Saturday, December 5, 2015

Weekly Response: Selfe's "The Movement of Air, the Breath of Meaning: Aurality and Multimodal Composing"

Selfe is arguing that FYW and Composition courses need to include other modes of communication besides writing. I am most certain that they contain discussion and often presentations. Many colleges now use CMS that allow for digital reading and writing, videos, tweets, linked readings, and online references. I understand her argument: that students now create aural compositions. If they are doing this on their own, do they need more in-class instruction? Why teach them what they already know? It seems that their writing skills are significantly weaker than their media skills. I have noticed that while students write electronically, compose in mixed media, and read tweets and texts, they lack the ability to read deeply and write clearly. Therefore, that is where teachers should be focusing their efforts in the classroom. Can we use pieces of other modalities? Sure, but they should not be the focus.

I wonder if Selfe had had less instruction in writing, whether the CCCC would have published her article? Would she have been able to digest and synthesize as much research, if the research material was in the form of podcasts or digitally remixed media? From her works cited, it seems she relied heavily on the written word. Should colleges deny or dilute formal writing instruction because it isn't popular or fun or cool?

The history of aurality she presents is admittedly "selective," meaning she only talks about the historical events that support her theory and omits those that don't. I agree that there is a place for aural composing. Perhaps there should be a class by that name. First Year Writing is called "writing" for a reason.

Selfe quotes Dunn who suggests that Composition teachers think writing isn't one way of knowing, but the only way. Such a silly generalization. How many Comp teachers did Dunn survey? While it is indeed one way of many, it is the way that students struggle most in, and will likely need instruction in.

Our HUM 101 and 102 courses at NJIT are subtitled "Writing, Speaking, Thinking." We read silently and aloud, discuss, present, and write. We compose for paper and electronic reading, and focus on the writing process. We think critically about texts and ideas, discuss in small and large groups, and learn different "genres" of writing and why we use them. We take researched essays and turn them into electronic and spoken presentations. Talking is important, of course. But again, most of the students are at least accomplished speakers one-on-one or in small groups. Their writing skills lag far behind, so that is where we emphasize instruction.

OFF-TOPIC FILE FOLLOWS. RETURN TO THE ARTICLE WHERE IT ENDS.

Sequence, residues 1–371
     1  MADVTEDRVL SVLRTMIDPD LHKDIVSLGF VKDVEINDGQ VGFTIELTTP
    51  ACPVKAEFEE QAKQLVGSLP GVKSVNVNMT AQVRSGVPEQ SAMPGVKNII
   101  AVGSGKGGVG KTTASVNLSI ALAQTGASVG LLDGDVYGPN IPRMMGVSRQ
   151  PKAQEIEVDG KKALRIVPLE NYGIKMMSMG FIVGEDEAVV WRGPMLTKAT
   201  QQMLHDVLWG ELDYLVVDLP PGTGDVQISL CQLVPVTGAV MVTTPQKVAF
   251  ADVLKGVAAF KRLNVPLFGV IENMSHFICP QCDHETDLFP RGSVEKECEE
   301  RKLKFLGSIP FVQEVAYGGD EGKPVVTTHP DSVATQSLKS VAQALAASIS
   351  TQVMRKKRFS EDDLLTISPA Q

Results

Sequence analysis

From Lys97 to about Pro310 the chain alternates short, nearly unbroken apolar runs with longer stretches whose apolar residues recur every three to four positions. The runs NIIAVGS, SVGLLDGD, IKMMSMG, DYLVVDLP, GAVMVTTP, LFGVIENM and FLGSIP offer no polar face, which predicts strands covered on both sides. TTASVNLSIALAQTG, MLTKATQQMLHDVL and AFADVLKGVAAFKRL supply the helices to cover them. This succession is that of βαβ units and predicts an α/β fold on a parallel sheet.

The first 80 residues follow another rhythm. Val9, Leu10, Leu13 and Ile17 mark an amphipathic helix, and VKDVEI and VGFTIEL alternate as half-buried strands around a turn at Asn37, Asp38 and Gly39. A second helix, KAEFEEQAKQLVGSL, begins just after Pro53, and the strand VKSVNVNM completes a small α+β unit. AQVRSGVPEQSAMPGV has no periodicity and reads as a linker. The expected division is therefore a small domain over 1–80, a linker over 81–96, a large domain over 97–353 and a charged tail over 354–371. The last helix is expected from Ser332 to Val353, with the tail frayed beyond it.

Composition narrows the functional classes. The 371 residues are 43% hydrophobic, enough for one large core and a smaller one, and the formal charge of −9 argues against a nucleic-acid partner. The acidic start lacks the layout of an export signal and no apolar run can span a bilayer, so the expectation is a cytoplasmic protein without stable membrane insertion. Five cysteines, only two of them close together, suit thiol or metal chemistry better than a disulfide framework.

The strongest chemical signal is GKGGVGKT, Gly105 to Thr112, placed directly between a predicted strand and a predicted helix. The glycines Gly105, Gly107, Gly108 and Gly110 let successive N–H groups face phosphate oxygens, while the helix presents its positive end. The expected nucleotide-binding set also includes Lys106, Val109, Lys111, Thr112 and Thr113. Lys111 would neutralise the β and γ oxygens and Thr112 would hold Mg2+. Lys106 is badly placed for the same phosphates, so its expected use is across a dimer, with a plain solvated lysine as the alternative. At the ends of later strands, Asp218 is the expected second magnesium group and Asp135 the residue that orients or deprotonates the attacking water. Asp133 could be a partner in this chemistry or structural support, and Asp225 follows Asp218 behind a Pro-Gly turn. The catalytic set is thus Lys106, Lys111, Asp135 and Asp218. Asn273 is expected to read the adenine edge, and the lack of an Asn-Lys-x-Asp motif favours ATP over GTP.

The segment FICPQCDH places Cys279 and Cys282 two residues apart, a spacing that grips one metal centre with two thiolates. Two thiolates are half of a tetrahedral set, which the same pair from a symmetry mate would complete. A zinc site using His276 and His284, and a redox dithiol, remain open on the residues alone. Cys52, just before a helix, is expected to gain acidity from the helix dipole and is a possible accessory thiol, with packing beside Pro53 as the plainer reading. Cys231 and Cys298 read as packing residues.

Dangerous! Don't "resist the literacy practices of the dominant culture" as Selfe suggests (624), or you will remain outside of it. Learn the literacy practices of the dominant culture and use them to your benefit. Then, and only then, can you change the rules and culture.

I disagree with much of what she says, and I firmly support English-Only education not out of racism but out of inclusion, opportunity, and enfranchisement.  It's important socially, civically, and financially. To enable school children in America to NOT speak English should be a crime.

Warning! Rant: Selfe advocates that composition teachers should "encourage students to deploy multiple modalities in skillful ways- written, aural, visual- and that they model a respect for and understanding of the various roles each modality can play in human expression, the formation of individual and group identity, and meaning making." This would then be a content course and not necessarily a writing course. How much do you want to cram into one year of writing instruction? Why is it that every time anyone thinks freshmen need to learn a skill they try to lump it into Composition, which is usually only 2 semesters of FYW instruction? Need to learn public speaking, don't create a class in the department, just tell FYW to handle it. Aural comp--FYW! How about composing in digital environments--give it to the FYW instructors. End Rant

Of course oral tradition has strong historic and social importance and is a valuable component of composition. Don't try to lump it into written composition, though. Give it its own course.

OK--the quote on page 629. So if the suppression and neglect of other modalities have dampened  human potential, then how did the emergence of all the new multimedia genres develop in the last few decades? Shouldn't print have squelched them?

Oooo, compose a PSA...I'm going to make a lesson out of that. The students in 102 have to make a poster to present at the end-of-year research showcase. I'll have  each group compose a PSA for their project and upload it to their eportfolios. I like it!! (643) I'm glad to have found something useful in this article.
As teachers of rhetoric and composition, our responsibility is to teach students effective, rhetorically based strategies for taking advantage of all available means of communicating effectively and productively as literate citizens. (644)
Really? I wonder if my department would agree with the word "all."

I understand Selfe's point. She doesn't want rigid teachers who value writing and only writing. However, I need to understand where in the curriculum she intends to place teaching of aural works and aural history and tradition. For many schools, and many students, composition instruction lasts only 2 semesters, and that isn't enough to produce accomplished writers.

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